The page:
Fascia Repair

LiftI had a piece of fascia come off one of my 4-plexes.  It was swinging in the wind for a while after it came loose.  Since it is ~32’ off the ground, it becomes a bit of a challenge (for me) to replace it.  I have a ladder I could have used, but I elected to rent a 37’ lift for the job.

 

 

Fascia

No matter how safe you are in that platform, it is still a bit unnerving with the wind and swaying of the machine.  It only took less than about an hour to do, not including the pick-up and drop off of the machine.  The cost was $138 to rent the lift, and ~$20 for the new fascia pieces.

 

 Emergency Refrigerator

I had a tenant notify me that their refrigerator was not working properly.  I went over and cleaned the coils.  It did not fix the situation, so I immediately called Lowe’s for a replacement.  They had a ‘slightly used’ one.  The cost, including delivery and haul away, $591.94.

I never had to go in the store, nor did I have to do anything but coordinate the delivery.  I could have done this anywhere in the world, including on any beach in Florida.

It was more than I wanted to spend, but the immediate delivery was important.  The tenant were impressed and happy.

How was your past couple of weeks?  Do you do any preventative maintenance on your own home or rentals?  

 

 

 

6 Replies to “Apartment Turnover and Other Maintenance”

  1. The new floor looks great! I haven’t tried the Allure products from Home Depot yet but them seem to get good reviews form folks over at BP. Hope it serves you well.

    Impressive work getting all emergencies squared away so promptly. It does make a difference and think will be a huge factor in getting a tenant to decide to stay long term.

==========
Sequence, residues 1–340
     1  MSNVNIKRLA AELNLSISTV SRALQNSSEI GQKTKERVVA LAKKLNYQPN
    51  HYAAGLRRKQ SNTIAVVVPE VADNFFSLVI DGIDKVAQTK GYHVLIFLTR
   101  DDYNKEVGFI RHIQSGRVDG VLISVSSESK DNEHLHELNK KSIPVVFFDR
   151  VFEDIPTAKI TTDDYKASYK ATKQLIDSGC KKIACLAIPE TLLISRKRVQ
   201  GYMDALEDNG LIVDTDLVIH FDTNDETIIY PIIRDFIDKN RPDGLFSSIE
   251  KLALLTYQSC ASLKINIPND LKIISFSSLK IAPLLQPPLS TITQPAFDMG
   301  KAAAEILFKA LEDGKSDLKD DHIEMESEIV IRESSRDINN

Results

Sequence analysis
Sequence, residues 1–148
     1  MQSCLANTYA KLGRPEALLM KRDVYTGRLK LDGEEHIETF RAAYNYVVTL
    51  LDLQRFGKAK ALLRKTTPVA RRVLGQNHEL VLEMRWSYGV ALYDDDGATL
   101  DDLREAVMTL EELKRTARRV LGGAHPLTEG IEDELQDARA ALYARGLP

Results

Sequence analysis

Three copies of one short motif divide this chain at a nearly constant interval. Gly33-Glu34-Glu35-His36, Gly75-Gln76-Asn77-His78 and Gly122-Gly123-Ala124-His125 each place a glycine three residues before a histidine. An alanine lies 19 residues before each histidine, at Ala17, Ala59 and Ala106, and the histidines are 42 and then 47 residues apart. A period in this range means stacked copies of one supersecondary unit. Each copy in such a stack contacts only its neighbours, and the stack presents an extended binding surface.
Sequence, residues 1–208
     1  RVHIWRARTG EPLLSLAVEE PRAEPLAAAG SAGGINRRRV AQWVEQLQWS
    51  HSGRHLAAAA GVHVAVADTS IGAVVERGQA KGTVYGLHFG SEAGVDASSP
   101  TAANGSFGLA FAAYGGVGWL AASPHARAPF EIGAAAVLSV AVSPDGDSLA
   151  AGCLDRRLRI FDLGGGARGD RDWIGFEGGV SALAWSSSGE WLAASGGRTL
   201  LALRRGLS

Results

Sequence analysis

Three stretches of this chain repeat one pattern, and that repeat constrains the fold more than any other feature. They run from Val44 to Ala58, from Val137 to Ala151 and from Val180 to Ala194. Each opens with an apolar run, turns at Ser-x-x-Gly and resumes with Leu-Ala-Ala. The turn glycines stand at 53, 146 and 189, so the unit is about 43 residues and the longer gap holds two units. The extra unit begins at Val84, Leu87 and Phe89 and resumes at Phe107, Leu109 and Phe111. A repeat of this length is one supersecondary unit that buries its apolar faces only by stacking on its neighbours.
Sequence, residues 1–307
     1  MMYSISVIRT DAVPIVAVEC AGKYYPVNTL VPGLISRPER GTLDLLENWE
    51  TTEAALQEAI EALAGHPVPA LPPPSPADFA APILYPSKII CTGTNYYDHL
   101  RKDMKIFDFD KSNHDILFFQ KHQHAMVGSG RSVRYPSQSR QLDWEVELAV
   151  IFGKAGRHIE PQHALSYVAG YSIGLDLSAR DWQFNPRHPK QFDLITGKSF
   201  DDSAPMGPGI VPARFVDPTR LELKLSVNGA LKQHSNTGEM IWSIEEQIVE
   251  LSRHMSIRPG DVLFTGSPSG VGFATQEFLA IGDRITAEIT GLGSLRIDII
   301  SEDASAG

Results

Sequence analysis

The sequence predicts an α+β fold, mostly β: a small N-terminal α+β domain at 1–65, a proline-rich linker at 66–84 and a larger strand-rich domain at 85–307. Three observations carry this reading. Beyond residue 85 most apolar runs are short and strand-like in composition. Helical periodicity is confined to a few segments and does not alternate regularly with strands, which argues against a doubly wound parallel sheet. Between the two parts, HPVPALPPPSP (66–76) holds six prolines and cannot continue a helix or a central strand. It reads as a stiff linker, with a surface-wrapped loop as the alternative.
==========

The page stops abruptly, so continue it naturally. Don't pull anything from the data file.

1. Thank you Jay!

      The Allure floor seemed to be a good product and an easy install. Time will tell. The new tenant wants to buy a home in the future, so I hope that I can sell one to them at some point soon. If I can squeeze out 3-4 sales a year, plus some other side work gigs, that should be enough to retire on. The rents and investments will be extra!

  2. Nice work doing all of the work to set yourself up for easier maintenance in the future!
    That’s great that you’ve got two new tenants who seem solid, and a more solid situation with another tenant. How do you word your leases, so that you are able to increase the rent based on the number of people?

    1. Thank you for the comment!

      The tenants I have are real good. I was a bit concerned I had made a mistake, but it all seems great now.

      I did not word my lease any different, but adding a new adult occupant is a change of lease terms. With the terms changed to add a new occupant, I can also change my terms.

      If they did not agree to the rent increase, I would not have agreed to the new tenant.

  3. I’m curious… why did you not get a used refrigerator instead of brand new? I almost never get any new appliances for tenants, and it’s worked good for me so far. That Allure floor looks great and the price is sweet. It’ll give me more options to think about when I renovate my four-plex in 2017.